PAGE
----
1101 Healthcare


Shiloh and Adria share their views about private and public healthcare.

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Shiloh: So, Adria, what do you think about nationalized healthcare in the United States? I know that most Democrats are for it, and most Republicans are against it. So, what do you think?

Adria: I think it's really necessary. After, you know, hearing a lot about the healthcare system in other countries, and the healthcare system in our country, comparatively, I'd have to say there are a lot of flaws about the healthcare system in the US, and I think it definitely needed some reform. And I think some of the most poignant examples are definitely insurance companies, you know, declining coverage for, you know, children with cancer, because they developed cancer when their parents were unemployed, so they don't have health insurance, but they deny the children health insurance. And I think that's just absurd.

And another, you know, really big issue is that actually being a woman is considered like a pre-existing condition, which in a pre-existing condition, you can be denied healthcare coverage. So, C-sections, for instance, aren't usually covered in having a child; it's considered a pre-existing condition for many health insurance companies. And I think that with nationalized health care, it will allow women to have coverage to have children and then their children to be covered, in case, you know, the parents are unemployed or something happens in the family.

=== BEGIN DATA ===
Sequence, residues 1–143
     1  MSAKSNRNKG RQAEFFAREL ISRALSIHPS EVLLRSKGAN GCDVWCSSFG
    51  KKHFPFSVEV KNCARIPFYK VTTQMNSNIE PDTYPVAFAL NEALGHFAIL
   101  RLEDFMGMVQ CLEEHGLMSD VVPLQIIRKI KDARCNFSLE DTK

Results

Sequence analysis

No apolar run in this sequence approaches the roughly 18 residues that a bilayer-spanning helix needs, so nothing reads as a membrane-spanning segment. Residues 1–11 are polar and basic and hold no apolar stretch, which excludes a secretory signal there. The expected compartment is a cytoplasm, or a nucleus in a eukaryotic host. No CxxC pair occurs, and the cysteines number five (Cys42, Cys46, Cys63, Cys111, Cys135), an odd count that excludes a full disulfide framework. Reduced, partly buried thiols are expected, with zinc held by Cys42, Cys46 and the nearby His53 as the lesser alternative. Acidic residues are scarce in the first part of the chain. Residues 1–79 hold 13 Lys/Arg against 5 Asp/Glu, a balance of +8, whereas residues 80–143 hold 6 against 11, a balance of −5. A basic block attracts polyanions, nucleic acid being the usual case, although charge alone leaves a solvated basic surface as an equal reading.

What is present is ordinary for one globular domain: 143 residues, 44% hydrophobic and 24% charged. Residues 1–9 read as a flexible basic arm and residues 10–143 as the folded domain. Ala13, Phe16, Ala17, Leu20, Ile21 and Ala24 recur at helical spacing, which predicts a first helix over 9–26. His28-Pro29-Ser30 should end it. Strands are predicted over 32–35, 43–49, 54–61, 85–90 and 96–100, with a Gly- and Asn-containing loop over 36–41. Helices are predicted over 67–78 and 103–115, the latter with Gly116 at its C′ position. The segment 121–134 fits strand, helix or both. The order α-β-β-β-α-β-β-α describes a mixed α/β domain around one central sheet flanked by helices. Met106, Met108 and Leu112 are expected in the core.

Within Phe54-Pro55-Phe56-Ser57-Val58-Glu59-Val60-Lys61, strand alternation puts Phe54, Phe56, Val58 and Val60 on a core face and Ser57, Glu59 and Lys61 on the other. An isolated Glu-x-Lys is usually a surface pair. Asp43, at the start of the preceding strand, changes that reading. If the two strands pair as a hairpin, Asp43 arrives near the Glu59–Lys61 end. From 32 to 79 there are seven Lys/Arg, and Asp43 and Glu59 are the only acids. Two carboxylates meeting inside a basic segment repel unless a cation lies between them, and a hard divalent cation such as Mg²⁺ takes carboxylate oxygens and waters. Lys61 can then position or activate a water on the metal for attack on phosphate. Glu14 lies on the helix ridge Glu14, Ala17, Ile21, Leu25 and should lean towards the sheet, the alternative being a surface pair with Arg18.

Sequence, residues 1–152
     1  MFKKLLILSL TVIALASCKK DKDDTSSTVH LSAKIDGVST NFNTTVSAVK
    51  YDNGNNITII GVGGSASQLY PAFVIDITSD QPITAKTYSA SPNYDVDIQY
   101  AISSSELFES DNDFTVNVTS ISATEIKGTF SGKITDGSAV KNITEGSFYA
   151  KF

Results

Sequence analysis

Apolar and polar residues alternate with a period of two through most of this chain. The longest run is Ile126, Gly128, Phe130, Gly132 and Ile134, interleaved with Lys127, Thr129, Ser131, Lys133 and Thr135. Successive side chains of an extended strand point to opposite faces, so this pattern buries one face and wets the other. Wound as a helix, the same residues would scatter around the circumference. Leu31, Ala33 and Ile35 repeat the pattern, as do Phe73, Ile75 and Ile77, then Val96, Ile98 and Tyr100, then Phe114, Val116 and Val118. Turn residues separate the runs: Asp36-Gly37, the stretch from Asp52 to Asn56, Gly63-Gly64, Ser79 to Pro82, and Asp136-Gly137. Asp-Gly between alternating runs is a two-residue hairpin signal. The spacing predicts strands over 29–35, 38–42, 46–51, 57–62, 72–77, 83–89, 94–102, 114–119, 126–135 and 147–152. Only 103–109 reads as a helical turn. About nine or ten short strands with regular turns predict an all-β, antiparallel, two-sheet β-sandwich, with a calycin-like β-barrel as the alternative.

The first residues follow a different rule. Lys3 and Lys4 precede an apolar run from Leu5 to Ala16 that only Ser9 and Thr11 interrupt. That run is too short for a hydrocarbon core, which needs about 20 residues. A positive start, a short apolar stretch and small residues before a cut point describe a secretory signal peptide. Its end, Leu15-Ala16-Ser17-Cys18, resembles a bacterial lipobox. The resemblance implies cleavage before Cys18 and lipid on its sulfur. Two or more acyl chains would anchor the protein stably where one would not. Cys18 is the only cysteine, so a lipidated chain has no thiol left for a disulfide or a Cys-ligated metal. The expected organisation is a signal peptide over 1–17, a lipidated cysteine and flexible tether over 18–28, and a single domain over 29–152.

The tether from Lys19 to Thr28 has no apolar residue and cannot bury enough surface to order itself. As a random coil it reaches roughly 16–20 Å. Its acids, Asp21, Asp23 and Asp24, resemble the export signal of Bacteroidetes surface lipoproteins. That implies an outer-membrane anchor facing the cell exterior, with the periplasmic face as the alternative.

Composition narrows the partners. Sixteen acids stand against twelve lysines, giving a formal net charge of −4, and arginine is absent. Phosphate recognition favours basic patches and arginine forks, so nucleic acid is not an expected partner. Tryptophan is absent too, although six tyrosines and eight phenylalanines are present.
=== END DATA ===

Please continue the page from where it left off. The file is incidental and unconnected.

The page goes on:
So, I think, in those respects, it's a positive, but maybe the way, you know, the Republicans and the Democrats kind of gave and took and from each other, that may be, in the end, it became something that there are, you know, causes in the healthcare bill in the US that I didn't necessarily agree with. What do you think?

Shiloh: Well, it sounds to me like maybe you are talking more about health insurance reform instead of healthcare reform, because there's a big difference. I think that what you're talking about is less information or less responsibility put on the government, and more on healthcare being responsible, or the insurance being responsible.

And I think that's very important, because I've also been in countries with nationalized healthcare. I spent a lot of time in Japan, which has it. And Japan has a nationalized health insurance program, which is fantastic. If you've got something wrong with you, you can go to the hospital, and it's very cheap. In the United States, we don't have that, and obviously, healthcare in the United States is very expensive.

But I think what we need is health insurance reform. We need to make sure that the insurance companies aren't as powerful as they are, that they do have more liberal rules and guidelines. If you have a pre-existing condition and like you want to have a child, the health insurance company shouldn't be able to say, - No, we're not going to pay for that. They should say, well, yes, that is covered, and we will pay for it.